The Chhattisgarh forest department claims it has put in place a number of measures to protect the elephants. These include radio-collaring of animals for keeping a track of their movements, spreading awareness among local communities through WhatsApp to make villagers aware of the animal/herd movement, and the formation of hathi mitra dals (Friends of Elephant groups) in villages affected by the presence and movement of elephants.

Jolted by the recent deaths, the state government has also announced 10-member surveillance teams in each of its forest division. “We are imparting training to local communities on how to respond if elephants enter human habitations. The best possible course of action is to not disturb the animals as much as possible. People should avoid entering forests when elephants are nearby, but sometimes accidental encounters do happen,” Arun Pandey, the additional principal chief conservator of forests (APCCF), Chhattisgarh told Gaon Connection.

The state also offers compensation against crop losses. “Timely compensation worth Rs 22,500 per hectare is paid in case of crop loss and Rs 6 lakh per person in case of death due to elephant attack. Money is also paid in cases of property damage and disability. In the past five years, we have paid more than Rs 75 crore towards compensation,” he added.

However, despite a slew of measures, both the conflict and elephant deaths are regularly reported. Wildlife experts point out elephant deaths due to electrocution have emerged as a major headache. “Local people are responsible for the elephants dying due to electrocution,” said Nitin Singhvi, a Chhattisgarh-based wildlife lover and an activist.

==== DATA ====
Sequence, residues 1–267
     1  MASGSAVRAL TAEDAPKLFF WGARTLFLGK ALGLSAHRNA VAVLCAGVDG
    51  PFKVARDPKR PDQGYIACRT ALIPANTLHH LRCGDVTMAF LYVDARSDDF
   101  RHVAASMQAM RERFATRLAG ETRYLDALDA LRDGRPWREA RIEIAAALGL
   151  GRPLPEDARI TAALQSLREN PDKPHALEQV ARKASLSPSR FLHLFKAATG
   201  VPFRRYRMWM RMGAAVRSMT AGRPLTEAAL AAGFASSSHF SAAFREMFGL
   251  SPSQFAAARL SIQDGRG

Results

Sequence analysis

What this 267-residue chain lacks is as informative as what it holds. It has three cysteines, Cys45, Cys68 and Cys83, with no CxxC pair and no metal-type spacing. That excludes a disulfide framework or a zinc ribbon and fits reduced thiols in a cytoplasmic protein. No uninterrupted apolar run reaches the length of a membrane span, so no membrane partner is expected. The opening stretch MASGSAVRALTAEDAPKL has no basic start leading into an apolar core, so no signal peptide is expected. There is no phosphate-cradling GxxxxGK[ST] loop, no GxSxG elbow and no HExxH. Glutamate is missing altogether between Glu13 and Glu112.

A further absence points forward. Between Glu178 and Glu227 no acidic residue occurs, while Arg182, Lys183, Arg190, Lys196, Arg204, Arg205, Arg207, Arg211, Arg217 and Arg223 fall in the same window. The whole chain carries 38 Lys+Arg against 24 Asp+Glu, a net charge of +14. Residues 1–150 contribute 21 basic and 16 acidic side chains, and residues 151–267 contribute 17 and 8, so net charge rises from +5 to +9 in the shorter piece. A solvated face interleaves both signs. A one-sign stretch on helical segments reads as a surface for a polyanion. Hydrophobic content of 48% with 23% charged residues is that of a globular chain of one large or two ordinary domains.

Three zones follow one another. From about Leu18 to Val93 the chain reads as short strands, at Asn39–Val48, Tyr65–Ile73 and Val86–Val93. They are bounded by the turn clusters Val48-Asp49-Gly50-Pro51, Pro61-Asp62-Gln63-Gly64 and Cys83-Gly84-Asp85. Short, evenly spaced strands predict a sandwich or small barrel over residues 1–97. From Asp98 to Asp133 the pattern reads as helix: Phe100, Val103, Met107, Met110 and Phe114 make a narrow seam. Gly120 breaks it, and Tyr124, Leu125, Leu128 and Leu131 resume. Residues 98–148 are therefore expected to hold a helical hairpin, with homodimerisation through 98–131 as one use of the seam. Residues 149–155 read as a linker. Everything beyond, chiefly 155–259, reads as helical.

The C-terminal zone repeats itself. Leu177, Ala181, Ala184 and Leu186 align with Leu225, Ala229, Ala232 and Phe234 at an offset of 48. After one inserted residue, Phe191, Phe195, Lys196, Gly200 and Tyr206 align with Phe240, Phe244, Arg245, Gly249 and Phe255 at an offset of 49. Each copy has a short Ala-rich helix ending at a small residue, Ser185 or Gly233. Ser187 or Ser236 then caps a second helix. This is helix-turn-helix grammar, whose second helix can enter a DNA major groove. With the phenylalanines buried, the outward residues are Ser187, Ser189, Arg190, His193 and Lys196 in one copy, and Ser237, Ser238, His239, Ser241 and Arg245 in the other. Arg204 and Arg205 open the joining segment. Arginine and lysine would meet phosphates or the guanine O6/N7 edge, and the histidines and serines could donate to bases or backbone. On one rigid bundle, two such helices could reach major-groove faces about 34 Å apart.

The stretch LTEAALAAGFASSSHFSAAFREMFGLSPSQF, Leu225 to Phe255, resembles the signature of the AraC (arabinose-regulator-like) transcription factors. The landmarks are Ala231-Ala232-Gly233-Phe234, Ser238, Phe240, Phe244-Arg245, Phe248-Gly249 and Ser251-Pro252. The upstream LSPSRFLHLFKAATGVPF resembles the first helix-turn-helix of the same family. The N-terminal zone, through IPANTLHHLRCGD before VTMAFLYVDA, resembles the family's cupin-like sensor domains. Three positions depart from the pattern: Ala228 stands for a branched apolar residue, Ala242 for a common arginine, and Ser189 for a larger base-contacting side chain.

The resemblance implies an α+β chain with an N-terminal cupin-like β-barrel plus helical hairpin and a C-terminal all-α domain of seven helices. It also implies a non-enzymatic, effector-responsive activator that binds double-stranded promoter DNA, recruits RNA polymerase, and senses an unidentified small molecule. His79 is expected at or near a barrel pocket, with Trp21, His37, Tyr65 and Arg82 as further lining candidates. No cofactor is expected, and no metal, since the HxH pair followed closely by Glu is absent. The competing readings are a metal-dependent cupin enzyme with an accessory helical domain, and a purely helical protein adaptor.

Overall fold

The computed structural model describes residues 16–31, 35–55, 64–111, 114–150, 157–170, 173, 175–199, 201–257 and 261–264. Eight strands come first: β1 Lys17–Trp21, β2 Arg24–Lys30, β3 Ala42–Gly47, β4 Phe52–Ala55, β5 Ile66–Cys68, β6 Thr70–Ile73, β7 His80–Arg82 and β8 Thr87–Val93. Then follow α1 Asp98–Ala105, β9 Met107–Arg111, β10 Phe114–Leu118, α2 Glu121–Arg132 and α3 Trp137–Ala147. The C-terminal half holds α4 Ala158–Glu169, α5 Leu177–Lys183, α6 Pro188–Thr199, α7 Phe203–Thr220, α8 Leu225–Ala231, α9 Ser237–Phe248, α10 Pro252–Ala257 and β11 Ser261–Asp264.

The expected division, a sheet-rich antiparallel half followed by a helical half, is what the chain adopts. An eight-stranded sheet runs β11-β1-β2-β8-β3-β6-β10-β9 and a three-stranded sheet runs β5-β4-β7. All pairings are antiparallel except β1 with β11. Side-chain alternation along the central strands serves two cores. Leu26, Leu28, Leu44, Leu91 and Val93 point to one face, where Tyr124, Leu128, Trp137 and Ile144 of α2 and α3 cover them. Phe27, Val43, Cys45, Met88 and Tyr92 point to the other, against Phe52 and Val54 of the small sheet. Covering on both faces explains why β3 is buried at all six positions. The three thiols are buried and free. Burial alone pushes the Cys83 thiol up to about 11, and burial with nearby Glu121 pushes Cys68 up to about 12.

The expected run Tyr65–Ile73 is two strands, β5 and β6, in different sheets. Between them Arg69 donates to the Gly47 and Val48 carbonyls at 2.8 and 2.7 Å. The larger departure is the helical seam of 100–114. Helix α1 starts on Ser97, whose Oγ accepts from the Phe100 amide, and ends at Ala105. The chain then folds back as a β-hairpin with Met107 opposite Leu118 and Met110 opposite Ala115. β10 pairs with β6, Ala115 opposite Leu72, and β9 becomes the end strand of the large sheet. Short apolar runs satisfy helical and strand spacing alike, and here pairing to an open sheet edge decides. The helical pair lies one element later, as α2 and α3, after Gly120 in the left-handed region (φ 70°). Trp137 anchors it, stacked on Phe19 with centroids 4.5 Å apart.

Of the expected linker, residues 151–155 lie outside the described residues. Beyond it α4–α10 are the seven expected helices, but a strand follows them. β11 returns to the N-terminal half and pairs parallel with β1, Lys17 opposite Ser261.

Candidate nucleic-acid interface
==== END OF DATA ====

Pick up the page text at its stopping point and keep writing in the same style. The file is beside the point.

246 elephants have died in Odisha since 2016 due to electrocution, poaching, and train accidents. Photo: Satyaprakash Pandey

Pandey agreed most elephant deaths occur due to illegal power connections and resultant electrocution. He also informed that in the recent elephant electrocution case in Dharamjaigarh, a few workers of the power department have been arrested. “Some of the villagers are enjoying illegal connections which should be removed. Field officers of the forest department should inform the electricity department about the presence of such illegal connections. There should be joint cooperation in this regard,” he added.

According to Rudra Prasanna Mahapatra, the regional facilitator at the Wildlife Trust of India, Bhubaneswar, the major problem lies with people laying live electric galvanised iron wires on the ground in forest areas after hooking these into power supply lines. “In Odisha, where the demand for bushmeat is high, villagers often use these wires to kill deer and wild boars. But sometimes elephants get caught, like in the case of the two elephant killings in Keonjhar district,” he told Gaon Connection.